[Noisebridge-discuss] access for members and associate members at all hours
Jeffrey Carl Faden
jeffreyatw at gmail.com
Mon May 12 20:58:52 UTC 2014
I agree with your overall assessment, Jake. I would also support the
language change in your proposal which more clearly defines the roles and
privileges of our member tiers. I agree that anyone who wants to be able to
work at Noisebridge should be able to do so at any time, and if they are
not a member, then one should sponsor their presence.
I disagree, though, that your proposal will always make it easier for a
member to approach someone and ask them to leave. That is because,
regardless of what they are doing, the people who abuse the space can often
make excuses that are hard to refute:
- "I'm an associate member / full member, my name just isn't on the wiki"
- "Oh, so-and-so said I could be here (but they left|but they don't
exist|but I'm lying)"
- "Why are you singling me out?"
- "I don't have to tell you my name or anything about me"
- or they might threaten you with harm or otherwise scare you.
The reason I still think an RFID system should be in-place is because while
it is important to enforce these roles at all times, it's not always
possible. A second layer of computer-controlled access control will make it
harder for people to make their way into the space when those who are
available to sponsor them are less available.
Bruce Schneier is keen to use the phrase "security theater" to describe
systems that only seem to enforce restrictions but can easily be
circumvented by those with enough intent. And if you'll notice in the other
thread I've responded to, I've labeled this RFID system as such. It is not
a silver bullet, but it might make it easier to get the job done.
If we're being honest, if associate and full members are the only ones who
should ever be able to enter the space on their own, then it would make
sense to give them all access on this RFID system and keep the door locked
24/7 (just like the gate is). This technology won't solve our problems, but
all-hours access restriction seems like the most effective way of keeping
it relevant. Wouldn't you agree?
(BTW, having just written the last paragraph, I'm not saying I agree with
such a drastic measure. But anyone who's serious about members-only access
should see why it makes sense.)
On Mon, May 12, 2014 at 1:19 PM, Jake <jake at spaz.org> wrote:
> I saw mention of the "members only hours" concept again recently and i am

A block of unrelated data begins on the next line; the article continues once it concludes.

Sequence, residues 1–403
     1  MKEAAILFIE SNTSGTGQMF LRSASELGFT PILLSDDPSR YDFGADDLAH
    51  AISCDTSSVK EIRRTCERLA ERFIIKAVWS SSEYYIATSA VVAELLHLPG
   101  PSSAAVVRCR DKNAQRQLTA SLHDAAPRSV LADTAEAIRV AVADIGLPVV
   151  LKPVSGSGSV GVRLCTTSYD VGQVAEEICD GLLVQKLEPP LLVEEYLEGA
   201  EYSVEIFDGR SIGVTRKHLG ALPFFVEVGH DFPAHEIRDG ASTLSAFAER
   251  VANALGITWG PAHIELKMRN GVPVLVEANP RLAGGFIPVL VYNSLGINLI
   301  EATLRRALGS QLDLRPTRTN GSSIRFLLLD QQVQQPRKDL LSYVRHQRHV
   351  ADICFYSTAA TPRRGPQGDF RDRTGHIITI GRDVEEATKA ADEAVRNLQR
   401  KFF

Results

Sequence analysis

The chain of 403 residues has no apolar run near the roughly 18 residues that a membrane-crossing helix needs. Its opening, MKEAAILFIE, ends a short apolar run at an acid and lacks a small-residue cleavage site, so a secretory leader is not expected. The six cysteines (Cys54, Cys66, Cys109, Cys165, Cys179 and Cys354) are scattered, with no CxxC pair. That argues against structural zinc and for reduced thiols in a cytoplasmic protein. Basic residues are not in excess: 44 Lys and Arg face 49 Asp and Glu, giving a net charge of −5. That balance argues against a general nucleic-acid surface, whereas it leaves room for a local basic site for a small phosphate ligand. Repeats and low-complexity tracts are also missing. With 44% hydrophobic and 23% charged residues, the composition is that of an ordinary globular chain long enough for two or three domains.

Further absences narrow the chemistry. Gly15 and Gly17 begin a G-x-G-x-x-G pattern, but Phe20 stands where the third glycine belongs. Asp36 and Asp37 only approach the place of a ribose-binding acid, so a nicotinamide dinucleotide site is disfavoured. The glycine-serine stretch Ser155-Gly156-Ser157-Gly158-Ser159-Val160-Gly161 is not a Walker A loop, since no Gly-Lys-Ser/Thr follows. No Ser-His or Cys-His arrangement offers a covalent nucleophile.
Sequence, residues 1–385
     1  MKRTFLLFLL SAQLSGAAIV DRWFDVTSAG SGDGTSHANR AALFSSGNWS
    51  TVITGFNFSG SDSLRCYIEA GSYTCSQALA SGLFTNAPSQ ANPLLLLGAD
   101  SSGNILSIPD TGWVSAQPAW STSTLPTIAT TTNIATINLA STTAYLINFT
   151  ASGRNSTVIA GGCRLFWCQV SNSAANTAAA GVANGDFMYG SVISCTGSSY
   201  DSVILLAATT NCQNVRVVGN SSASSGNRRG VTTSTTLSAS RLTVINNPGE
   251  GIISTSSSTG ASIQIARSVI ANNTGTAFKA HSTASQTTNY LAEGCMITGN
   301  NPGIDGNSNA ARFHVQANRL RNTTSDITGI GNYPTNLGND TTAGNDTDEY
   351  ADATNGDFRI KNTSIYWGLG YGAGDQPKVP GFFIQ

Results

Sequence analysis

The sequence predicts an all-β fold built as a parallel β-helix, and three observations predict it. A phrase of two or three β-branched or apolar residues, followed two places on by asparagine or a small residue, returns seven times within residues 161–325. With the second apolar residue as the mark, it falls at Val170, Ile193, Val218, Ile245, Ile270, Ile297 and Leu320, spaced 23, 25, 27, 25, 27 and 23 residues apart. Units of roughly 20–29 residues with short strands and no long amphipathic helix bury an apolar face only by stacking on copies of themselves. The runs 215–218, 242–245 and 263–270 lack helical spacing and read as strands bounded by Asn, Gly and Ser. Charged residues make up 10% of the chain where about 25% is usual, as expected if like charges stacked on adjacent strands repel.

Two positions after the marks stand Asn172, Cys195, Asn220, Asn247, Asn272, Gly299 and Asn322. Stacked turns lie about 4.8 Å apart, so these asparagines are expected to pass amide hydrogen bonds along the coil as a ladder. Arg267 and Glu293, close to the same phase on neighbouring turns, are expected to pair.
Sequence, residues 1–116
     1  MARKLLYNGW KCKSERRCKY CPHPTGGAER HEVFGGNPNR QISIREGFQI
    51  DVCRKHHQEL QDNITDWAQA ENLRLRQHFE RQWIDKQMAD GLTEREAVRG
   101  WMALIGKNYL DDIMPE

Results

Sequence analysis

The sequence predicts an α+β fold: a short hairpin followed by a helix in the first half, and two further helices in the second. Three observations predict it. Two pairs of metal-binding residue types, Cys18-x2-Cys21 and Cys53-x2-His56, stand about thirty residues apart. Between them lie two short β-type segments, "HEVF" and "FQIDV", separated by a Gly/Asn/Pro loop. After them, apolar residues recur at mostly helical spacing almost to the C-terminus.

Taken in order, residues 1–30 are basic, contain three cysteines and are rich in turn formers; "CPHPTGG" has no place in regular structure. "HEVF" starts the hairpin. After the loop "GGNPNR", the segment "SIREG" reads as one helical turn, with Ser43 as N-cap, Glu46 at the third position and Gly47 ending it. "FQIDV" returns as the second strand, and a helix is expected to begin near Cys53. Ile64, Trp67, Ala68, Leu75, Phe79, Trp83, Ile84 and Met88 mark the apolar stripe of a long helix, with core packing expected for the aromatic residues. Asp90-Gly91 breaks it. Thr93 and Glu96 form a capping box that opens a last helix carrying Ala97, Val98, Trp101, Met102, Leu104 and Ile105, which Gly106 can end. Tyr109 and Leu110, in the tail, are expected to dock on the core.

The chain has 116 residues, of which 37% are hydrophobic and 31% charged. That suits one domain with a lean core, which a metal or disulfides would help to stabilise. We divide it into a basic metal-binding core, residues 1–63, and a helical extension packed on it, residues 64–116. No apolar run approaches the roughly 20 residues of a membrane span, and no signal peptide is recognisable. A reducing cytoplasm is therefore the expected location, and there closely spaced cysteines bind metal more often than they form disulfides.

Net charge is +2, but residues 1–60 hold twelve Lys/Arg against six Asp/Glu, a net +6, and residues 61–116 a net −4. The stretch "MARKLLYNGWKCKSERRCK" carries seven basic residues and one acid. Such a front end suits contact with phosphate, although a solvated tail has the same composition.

> sad that people don't remember why that failed. It was terrible.
> I recommended from the start, and i still recommend, having the same
> policy at all times. There was actually a nice hacker visiting from
> Germany who was kicked out of noisebridge only because it was 11PM and
> people were just following orders. The after-hours thing is a dead idea.
> I really think noisebridge should pass my last proposal, which makes it
> really straightforward who can be in the space, at all times:
> "Noisebridge is open to Members, Associate Members, and guests sponsored
> by same, at all times. Any person who is not one of the above may be
> asked to leave if no Member or Associate Member present wishes to
> sponsor them at that time, with no other justification being necessary.
> People coming to Noisebridge who don't know anyone should be introduced
> to members who are present so that sponsorship can occur if members
> present choose to do so at that time. Noisebridge should present itself
> as 'open to public visitors and guests as often as possible'"
> on another note, i see that people have been talking about the RFID thing
> as if it is going to solve social problems. I don't believe that's true. I
> think it's a great project and worth doing, but ultimately the social
> problems we are dealing with will ONLY be solved by people like us showing
> up at the space, and caring for the space in-person.
> Some people mentioned they were at the space the other day, talking about
> the RFID stuff, while two people were sleeping in the kitchen, and They Did
> Nothing. I understand why, because for too long Noisebridge has not
> provided an effective framework for justifying or supporting the ejection
> of people for sleeping, or general misuse of the space. My proposal above
> addresses that problem, in a practical way that eliminates the blame game.
> With the above proposal, a person can be asked to leave without an
> accusation of sleeping or habitating or anything like that - simply because
> there is no member present who wishes to sponsor them. It makes it much
> easier to ask someone to leave, which is the only way we can take our
> hackerspace back from mission st. chaos.
> in the words of Bruce Schneier:
> "If you think technology can solve your security problems, then you don't
> understand the problems and you don't understand the technology."
> Noisebridge-discuss mailing list
> Noisebridge-discuss at lists.noisebridge.net
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